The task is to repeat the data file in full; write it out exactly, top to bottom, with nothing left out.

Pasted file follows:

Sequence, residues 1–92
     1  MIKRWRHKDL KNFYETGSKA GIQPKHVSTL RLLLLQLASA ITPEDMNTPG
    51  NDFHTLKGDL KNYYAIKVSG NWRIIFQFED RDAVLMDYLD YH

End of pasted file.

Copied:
Sequence, residues 1–92
     1  MIKRWRHKDL KNFYETGSKA GIQPKHVSTL RLLLLQLASA ITPEDMNTPG
    51  NDFHTLKGDL KNYYAIKVSG NWRIIFQFED RDAVLMDYLD YH